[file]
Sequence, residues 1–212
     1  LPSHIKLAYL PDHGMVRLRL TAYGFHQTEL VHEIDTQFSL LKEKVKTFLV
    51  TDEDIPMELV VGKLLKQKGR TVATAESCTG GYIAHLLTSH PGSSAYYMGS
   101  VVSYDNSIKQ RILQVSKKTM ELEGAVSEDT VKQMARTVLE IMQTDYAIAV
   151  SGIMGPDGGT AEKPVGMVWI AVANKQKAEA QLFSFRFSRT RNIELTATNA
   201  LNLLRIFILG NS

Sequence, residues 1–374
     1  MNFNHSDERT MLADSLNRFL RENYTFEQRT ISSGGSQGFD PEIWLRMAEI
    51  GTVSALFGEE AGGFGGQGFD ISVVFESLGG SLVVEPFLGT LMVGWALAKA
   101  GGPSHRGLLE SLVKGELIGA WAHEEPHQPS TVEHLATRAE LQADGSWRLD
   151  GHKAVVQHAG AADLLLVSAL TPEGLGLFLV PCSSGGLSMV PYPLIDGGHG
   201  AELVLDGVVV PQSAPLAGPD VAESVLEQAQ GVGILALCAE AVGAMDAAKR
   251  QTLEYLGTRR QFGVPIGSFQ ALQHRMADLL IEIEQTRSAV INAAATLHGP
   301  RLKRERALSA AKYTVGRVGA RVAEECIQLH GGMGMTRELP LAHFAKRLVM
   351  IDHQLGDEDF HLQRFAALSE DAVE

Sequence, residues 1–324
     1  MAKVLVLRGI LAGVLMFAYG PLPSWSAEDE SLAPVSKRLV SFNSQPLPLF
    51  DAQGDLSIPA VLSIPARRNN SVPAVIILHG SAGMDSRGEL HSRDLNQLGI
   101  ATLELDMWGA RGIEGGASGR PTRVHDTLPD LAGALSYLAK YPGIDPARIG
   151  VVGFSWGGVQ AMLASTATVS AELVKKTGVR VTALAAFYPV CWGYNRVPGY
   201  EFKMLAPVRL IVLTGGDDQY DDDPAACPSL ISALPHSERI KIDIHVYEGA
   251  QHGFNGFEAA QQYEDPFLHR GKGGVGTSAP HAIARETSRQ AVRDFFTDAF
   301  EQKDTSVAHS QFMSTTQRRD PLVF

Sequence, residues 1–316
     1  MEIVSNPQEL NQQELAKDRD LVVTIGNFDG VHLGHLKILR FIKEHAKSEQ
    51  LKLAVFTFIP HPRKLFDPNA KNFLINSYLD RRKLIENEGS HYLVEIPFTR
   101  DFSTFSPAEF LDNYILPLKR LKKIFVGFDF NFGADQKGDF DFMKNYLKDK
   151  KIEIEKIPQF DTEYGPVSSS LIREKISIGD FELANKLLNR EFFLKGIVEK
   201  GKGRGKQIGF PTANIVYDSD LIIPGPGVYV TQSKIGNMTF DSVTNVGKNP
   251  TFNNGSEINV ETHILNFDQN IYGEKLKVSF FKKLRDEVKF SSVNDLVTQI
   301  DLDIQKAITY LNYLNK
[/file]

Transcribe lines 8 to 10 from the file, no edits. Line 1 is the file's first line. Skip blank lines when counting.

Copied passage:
     1  MNFNHSDERT MLADSLNRFL RENYTFEQRT ISSGGSQGFD PEIWLRMAEI
    51  GTVSALFGEE AGGFGGQGFD ISVVFESLGG SLVVEPFLGT LMVGWALAKA
   101  GGPSHRGLLE SLVKGELIGA WAHEEPHQPS TVEHLATRAE LQADGSWRLD